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How do I become Baha’i?
Culture

Ride Public Transit and Build Community

Greg Hodges | Apr 26, 2014

The views expressed in our content reflect individual perspectives and do not represent the official views of the Baha'i Faith.

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Greg Hodges | Apr 26, 2014

The views expressed in our content reflect individual perspectives and do not represent the official views of the Baha'i Faith.

People talking on the trainI don’t know if other people have seen this, too, but it’s definitely true in my own experience: riding public transit can foster a sense of common humanity among fellow travelers.

Now I know what you’re thinking; “Every time I get on the bus, nobody talks to each other or makes eye contact. It’s like they’re on separate planets.” That can be true in some places. Often, it feels like an unwritten rule forbids chatting up strangers on buses and trains. But that’s a far cry, researchers tell us, from how people interact with each other when they’re in their own car and know that no one else can hear what they’re saying.

Dr. Leon James a researcher on the psychology of road rage, has this to say,

I was astounded the first time I listened to drivers who had tape recorded their thoughts and feelings in traffic, speaking their thoughts aloud while driving, giving a sort of play-by-play of what it’s like inside the private world of the driver…. One feature that particularly amazed me was the pervasive negativity of their thoughts and feelings. In a kind of Jekyll and Hyde effect perfectly ordinary, friendly, good-hearted people tend to become extremely intolerant and anti-social as soon as they get behind the wheel. Behind the wheel their personality undergoes a rapid transformation, from polite and tolerant to inconsiderate, intolerant and emotionally unintelligent.

This isn’t just about the people. Instead, the environment around us and the things in it have been designed with an individualistic way of life in mind. Unless we become aware of that and actively go against its grain, we can get sucked into that aggressive culture and mindset of thinking and acting too. Dr. James continues:

It took several years of research for me to understand the psychological mechanism of emotionally impaired driving. The car is not only an object of convenience, beauty, and status. It is also a cultural and psychological object, associated with the driver’s internal mental and emotional dynamics, our ego. Cars are an extension of the self, they are ego-laden objects that can be used both positively and negatively to get our own way on the road. The automobile offers us a means to exercise direct control over our environment. When we enter the car we use it as an outlet for regaining a sense of control. Automobiles are powerful, and obedient. They respond instantly and gratifyingly to our command, giving us a sense of well being that comes with achieving control over one’s environment.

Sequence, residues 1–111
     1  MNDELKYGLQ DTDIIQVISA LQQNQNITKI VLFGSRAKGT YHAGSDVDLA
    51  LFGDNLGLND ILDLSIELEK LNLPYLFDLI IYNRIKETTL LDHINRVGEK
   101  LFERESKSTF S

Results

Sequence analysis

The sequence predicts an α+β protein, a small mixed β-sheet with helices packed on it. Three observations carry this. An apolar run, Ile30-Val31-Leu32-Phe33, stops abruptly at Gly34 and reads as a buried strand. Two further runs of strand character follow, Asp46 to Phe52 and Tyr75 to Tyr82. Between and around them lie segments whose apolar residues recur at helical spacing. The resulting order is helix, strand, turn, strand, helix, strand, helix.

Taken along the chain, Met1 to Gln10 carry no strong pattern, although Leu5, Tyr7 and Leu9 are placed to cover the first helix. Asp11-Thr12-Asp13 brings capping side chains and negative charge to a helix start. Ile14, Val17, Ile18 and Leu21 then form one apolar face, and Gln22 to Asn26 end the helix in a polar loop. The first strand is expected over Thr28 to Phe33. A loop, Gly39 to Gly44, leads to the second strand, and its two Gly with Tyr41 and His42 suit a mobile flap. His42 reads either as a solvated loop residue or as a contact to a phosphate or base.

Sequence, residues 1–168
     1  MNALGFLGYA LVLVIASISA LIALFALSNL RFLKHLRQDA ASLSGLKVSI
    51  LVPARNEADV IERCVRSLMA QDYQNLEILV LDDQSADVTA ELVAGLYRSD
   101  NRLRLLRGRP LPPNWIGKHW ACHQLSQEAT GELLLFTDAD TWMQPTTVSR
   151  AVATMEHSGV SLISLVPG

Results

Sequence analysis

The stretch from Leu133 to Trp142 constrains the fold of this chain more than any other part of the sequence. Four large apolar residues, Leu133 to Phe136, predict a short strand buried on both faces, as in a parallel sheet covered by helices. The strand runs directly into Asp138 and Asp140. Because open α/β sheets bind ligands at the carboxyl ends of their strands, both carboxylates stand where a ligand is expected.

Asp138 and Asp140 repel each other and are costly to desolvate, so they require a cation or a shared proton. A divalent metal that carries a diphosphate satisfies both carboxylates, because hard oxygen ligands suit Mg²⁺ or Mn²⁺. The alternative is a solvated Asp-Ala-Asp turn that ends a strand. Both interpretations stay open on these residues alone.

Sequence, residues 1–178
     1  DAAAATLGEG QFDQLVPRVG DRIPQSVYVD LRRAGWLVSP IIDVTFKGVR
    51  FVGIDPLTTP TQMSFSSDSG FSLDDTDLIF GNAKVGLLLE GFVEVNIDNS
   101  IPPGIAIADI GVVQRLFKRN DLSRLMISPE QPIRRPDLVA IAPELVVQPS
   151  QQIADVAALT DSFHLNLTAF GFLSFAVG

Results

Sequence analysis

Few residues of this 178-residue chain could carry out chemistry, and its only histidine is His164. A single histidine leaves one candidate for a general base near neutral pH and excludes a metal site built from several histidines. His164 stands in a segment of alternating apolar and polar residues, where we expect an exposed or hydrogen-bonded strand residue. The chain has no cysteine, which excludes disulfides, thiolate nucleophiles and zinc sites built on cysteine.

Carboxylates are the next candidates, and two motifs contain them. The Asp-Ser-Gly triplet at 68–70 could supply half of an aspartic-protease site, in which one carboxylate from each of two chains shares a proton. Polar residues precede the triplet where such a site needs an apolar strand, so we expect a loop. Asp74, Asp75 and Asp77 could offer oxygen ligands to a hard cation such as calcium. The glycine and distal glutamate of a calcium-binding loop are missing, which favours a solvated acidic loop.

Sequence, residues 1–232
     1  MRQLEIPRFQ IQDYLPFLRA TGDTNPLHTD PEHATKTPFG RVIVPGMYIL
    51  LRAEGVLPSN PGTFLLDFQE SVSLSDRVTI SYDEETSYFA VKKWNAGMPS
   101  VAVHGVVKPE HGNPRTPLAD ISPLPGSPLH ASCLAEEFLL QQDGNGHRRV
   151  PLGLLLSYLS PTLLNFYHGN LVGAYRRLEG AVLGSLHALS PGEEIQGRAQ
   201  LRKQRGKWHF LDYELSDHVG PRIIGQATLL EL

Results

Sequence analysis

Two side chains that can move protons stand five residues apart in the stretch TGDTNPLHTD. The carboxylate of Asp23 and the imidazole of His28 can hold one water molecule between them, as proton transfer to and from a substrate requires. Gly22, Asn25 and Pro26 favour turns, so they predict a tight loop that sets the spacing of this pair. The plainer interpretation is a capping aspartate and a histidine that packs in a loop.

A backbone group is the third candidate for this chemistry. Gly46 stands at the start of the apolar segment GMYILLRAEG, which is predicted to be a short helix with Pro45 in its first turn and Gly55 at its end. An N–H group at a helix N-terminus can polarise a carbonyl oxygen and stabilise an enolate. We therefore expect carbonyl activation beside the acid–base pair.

People on the busIn my experience, taking public transit can make a huge difference. It may not be warm and amiable. But even when it gets crowded, there’s still an atmosphere of mutual respect and a feeling that we’re all in this together. If somebody drops something or is having difficulty getting on or off, strangers will volunteer a helping hand. When space is limited, riders will find ways to take up less space. Seeing and being near a person activates our sense of compassion and empathy, especially if we can see his or her face. These are all my own impressions, not science. But I think many people out there would agree with me.

Every society combines a public realm open to all, and the private realms of its members. One of the distinguishing features of modern consumerist societies, the private realm doesn’t just end at the front door of our homes. We take it with us, like a protective bubble, wherever we go. Cars, earbuds, smartphones, and any number of other products allow people to tune out the existence of others. Isolation, perversely enough, is almost treated as a social good. But times are changing. (For more on the subject be sure to read How You Can Become a Commoner) Sharing spaces, things, and experiences in common has begun to emerge as a hope-inspiring path to a better world. People are waking up to the idea that other people are a joy to be discovered, not burdens to be endured. In this light, I think we can gain so much from Baha’u’llah’s teachings on friendliness and unity:

They that are endued with sincerity and faithfulness should associate with all the peoples and kindreds of the earth with joy and radiance, inasmuch as consorting with people hath promoted and will continue to promote unity and concord, which in turn are conducive to the maintenance of order in the world and to the regeneration of nations. Blessed are such as hold fast to the cord of kindliness and tender mercy and are free from animosity and hatred. – Tablets of Baha’u’llah, p. 35

However we get there, we can take those words with us on the road.

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